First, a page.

If you think the hit-and-run epidemic is getting worse, you’re right.
Stats wonk Ed Ryder does a great job of mining the CHP’s SWITRS database; in the past, he’s created detailed charts to help us understand traffic collisions on PCH, as well as in LA and Orange Counties, and around the state.
So when I met with a state legislator to discuss the problem of hit-and-runs recently, I asked Ryder if he could delve into the database once again to show just how big a problem it really is.
And big is putting it mildly.
As his report shows, it’s goes way beyond bad, and it’s only getting worse. Not just here in LA, but nearly everywhere in California.
In fact, from 2004 to now, a driver fled the scene in nearly 20% of all crashes in the state.
After dropping to a low of 17.4% of all collisions in 2011, hit-and-run has made a big comeback, climbing to 19.5% in 2015, and 20% to date in 2016.
Note: It should be noted that the more recent figures are preliminary, since there’s a significant lag time in reporting statistics to SWITRS. And these stats only include death and serious injuries; adding property damage would boost the percentages significantly.
The sheer numbers are staggering, with nearly 300 deaths due to hit-and-run collisions in recent years, and over 20,000 injuries.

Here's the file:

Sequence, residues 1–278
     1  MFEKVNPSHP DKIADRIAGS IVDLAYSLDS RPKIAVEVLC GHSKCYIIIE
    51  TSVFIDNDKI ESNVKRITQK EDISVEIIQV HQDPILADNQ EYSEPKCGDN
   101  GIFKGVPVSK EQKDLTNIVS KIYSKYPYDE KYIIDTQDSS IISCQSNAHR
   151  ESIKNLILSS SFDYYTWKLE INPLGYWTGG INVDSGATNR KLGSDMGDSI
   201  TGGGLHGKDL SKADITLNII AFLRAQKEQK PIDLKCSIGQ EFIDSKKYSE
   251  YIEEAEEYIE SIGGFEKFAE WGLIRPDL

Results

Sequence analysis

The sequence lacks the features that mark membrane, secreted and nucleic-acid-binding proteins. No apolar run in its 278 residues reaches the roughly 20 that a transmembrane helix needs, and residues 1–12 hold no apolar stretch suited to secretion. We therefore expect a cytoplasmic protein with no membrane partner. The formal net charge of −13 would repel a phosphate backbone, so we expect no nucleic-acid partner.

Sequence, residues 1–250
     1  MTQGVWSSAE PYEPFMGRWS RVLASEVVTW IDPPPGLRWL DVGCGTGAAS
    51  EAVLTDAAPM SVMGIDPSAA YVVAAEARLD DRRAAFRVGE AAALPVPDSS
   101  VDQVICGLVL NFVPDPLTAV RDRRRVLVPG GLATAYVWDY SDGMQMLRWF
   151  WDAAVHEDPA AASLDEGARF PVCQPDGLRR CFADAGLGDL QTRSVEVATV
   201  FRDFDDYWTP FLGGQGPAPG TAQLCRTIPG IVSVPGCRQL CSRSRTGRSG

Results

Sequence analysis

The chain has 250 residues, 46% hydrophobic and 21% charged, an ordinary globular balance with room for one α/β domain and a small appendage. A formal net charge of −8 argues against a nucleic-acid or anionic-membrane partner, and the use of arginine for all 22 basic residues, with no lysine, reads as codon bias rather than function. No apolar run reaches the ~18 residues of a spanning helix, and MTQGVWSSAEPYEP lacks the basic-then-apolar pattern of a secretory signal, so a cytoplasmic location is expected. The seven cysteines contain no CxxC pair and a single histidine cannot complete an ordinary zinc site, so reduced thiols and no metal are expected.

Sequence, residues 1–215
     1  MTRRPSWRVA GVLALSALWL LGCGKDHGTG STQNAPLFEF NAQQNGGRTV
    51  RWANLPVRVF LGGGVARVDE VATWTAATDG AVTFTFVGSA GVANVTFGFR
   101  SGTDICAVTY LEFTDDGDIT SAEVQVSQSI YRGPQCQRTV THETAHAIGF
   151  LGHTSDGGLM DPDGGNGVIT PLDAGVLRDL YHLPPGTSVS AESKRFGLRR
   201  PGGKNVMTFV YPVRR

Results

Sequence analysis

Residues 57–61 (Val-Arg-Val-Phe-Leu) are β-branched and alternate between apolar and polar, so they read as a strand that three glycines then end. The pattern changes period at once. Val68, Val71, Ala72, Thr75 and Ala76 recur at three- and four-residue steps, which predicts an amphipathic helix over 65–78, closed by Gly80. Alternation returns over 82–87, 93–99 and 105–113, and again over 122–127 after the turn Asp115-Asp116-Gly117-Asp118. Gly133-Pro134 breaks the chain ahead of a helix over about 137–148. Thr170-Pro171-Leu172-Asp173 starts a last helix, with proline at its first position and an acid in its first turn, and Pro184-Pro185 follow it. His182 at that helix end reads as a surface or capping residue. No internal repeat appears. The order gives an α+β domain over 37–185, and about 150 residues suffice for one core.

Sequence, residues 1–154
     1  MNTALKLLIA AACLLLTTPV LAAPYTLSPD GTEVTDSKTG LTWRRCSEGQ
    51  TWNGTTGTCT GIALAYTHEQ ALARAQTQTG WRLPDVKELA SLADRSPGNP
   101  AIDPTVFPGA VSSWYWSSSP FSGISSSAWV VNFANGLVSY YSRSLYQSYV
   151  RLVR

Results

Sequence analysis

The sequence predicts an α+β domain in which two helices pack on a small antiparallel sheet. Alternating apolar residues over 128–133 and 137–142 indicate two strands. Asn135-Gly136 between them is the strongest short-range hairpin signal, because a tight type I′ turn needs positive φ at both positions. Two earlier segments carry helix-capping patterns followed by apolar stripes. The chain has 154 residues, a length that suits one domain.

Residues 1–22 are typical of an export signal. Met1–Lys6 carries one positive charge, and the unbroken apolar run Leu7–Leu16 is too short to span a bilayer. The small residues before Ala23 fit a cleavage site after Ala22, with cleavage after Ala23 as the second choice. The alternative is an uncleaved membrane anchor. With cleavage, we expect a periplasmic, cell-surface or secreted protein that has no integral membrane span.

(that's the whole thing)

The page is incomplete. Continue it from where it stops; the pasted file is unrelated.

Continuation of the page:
As the following chart shows, the costs are huge, not just in terms of human suffering, but in the economic loss to society, as well.
Not surprisingly, Los Angeles County is the state’s overwhelming leader in hit-and-run deaths, with San Diego, San Bernardino and Riverside Counties fighting it out for 2nd place.
Injuries paint an even more dramatic picture, with LA County accounting for over half of all hit-and-runs resulting in injuries.
However, that is partly a function of LA’s sheer size. When you look at hit-and-run collisions as a percentage of population, a much different picture appears.
While LA still leads in injury collisions, it drops to ninth in fatalities.
It’s possible that may be due to better access to emergency care compared to less urban counties like Kern and Tulare, where it could take significantly longer to get to a trauma center following a crash. As well as slower speeds resulting from traffic congestion and lower speed limits in urban areas.
Regardless, it’s clear that hit-and-run is a problem that affects the entire state.
And it’s not going to go away until we do something about it.
You can download Ed Ryder’s full report here.
A new video explains the plan for the Puente Hills Landfill park, which was approved by the county supervisors yesterday.
The route has been announced for next year’s 100th edition of the Giro d’Italia, once again with a focus on climbing.
A 46-year old British amateur cyclist has received a four year ban for using EPO, just months after being banned for using another substance. But cycling doesn’t have a cheating problem anymore. Right?
Today is the last day to weigh in on the proposed Rail-to-River bikeway connecting the Crenshaw Line to the LA River through the southeast cities.